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Obama, GOP -- so happy together?

From NBC's Ali Weinberg
A day after speaking in front of cheering supporters, President Obama faced a respectful but markedly less warm crowd today, addressing the leaders of his party's opposition at the very forum where they will be planning their own political strategy.

While his opening salvo at today's House Republican Issues Retreat contained a call for cooperation, the president spent most of an hour-long question and answer session trading barbs with the opposition over matters of policy and politics.

Echoing a theme of his State of the Union address, Obama urged an end to partisan gridlock, saying, "Americans didn't send us to Washington to fight in some sort of political cage match to see who comes out alive." And he praised Republicans for their consensus on issues like national security and education, thanking them--as well as Democrats -- "for reaching across the aisle." But starting with the first question, from Rep. Mike Pence of Indiana, on, President Obama was met with Republican claims that Democrats were overly dismissive of the GOP's ideas.

Referring to the stimulus under Democrats' Economic Recovery Act, Pence suggested Democrats forced "a piecemeal list of projects and boutique tax cuts" through Congress to stave off the 8% unemployment rate, though unemployment has since climbed to 10%. Pence also asked if Democrats would be willing to accept an "across-the-board" tax cut that he said would have created twice as many jobs as half the cost of the Democratic plan.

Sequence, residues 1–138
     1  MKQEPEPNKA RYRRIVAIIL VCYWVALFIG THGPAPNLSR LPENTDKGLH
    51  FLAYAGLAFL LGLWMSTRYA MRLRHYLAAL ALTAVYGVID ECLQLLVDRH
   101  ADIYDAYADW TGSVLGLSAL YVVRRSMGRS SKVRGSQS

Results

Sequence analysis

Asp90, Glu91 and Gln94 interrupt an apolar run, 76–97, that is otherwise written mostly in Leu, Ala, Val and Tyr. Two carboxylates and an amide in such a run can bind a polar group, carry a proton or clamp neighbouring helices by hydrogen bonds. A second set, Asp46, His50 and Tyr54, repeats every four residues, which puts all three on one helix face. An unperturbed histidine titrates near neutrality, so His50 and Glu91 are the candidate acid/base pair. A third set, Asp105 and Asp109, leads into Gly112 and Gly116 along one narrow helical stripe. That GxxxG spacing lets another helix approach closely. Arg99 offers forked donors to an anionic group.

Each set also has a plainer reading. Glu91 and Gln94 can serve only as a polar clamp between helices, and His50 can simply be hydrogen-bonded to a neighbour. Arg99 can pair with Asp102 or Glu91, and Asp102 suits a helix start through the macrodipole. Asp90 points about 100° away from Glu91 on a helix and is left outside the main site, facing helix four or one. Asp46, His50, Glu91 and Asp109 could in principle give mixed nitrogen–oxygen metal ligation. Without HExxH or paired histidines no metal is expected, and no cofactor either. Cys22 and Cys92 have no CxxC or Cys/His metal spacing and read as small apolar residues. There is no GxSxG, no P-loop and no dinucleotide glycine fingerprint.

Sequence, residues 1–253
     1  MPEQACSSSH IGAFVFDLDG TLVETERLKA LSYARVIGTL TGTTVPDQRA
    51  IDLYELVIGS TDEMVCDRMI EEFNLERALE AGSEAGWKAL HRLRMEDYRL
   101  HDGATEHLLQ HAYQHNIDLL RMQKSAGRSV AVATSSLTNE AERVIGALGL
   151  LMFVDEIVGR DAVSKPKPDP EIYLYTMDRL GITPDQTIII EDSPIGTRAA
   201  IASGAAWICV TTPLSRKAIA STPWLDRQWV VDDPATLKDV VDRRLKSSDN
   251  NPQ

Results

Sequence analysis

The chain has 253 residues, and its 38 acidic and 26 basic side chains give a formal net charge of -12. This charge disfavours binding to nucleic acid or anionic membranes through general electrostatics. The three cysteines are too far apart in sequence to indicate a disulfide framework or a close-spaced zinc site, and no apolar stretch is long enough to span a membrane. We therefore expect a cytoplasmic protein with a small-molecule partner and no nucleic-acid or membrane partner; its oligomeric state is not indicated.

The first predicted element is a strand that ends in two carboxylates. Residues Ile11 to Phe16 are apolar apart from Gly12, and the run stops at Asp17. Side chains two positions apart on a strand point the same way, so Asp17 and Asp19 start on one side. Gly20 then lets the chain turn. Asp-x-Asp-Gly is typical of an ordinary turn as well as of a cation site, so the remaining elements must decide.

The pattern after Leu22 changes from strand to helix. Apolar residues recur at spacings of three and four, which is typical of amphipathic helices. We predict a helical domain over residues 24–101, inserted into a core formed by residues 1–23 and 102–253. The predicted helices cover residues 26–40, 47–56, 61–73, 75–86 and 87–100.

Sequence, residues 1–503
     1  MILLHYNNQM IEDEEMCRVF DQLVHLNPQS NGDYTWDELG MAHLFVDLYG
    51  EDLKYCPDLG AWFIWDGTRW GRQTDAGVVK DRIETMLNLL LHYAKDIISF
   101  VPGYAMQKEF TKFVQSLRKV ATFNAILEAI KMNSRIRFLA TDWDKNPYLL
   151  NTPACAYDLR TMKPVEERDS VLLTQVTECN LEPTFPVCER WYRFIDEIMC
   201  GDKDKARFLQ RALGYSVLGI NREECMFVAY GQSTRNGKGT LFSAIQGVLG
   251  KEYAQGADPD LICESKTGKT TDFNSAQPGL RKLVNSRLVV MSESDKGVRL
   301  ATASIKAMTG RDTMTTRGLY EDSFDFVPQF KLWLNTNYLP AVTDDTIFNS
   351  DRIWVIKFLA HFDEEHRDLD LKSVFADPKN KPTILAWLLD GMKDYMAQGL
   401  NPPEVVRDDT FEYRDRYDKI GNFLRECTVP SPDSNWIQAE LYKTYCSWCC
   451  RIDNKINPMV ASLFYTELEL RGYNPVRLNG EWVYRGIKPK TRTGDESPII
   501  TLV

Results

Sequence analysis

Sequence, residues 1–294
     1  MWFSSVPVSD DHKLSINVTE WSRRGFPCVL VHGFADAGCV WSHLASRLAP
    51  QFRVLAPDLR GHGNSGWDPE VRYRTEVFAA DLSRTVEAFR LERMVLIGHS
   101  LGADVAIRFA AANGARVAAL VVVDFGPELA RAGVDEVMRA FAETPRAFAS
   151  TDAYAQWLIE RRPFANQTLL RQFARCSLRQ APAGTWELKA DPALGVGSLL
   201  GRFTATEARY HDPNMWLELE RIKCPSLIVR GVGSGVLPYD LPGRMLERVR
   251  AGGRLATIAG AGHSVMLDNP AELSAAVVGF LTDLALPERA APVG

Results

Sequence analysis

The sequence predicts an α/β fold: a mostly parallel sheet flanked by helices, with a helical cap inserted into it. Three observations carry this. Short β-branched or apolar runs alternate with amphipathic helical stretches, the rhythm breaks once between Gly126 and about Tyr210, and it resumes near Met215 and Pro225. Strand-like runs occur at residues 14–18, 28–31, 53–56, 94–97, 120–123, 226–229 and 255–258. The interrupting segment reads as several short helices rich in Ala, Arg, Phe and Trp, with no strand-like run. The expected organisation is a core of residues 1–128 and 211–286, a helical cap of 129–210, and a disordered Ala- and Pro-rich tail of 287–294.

Obama pushed back on the implication that skyrocketing unemployment was the direct result of his stimulus, citing the time frame of his presidency: "We had lost 650,000 jobs in December.  I'm assuming you're not faulting my policies for that.  We had lost, it turns out, 700,000 jobs in January, the month I was sworn in.  I'm assuming it wasn't my administration's policies that accounted for that.  We lost another 650,000 jobs the subsequent month, before any of my policies had gone into effect," Obama said.

Shifting to offense, Obama pointed out that one aspect of the Democratic plan--infrastructure investment--was later embraced by Republicans for political gain: "A lot of you have gone to appear at ribbon-cuttings for the same projects that you voted against."

Obama also addressed criticism from freshman Rep. Jason Chaffetz of Utah, who voiced his disappointment that Democrats did not follow through on several promises that had originally inspired him, including broadcasting health care negotiations on C-SPAN and bringing lobbyists into senior White House positions.

"I applauded you when you said it, and was disappointed when you didn't," Chaffetz said.

Before Chaffetz could register more concerns, Obama asked for the floor. "That was a long list, so let me respond," Obama said, laughing. After explaining to Chaffetz the logistical impossibility of C-SPAN broadcasts and the nature of the lobbyists, "like a doctor who ran Tobacco-Free Kids," in his administration, he encouraged Chaffetz, as a new member of Congress, to work with his colleagues to change the tenor on Capitol Hill.

"The challenge I guess I would have for you as a freshman, is what are you doing inside your caucus to make sure that I'm not the only guy who is responsible for this stuff, so that we're working together, because this is going to be a process?" Obama told Chaffetz.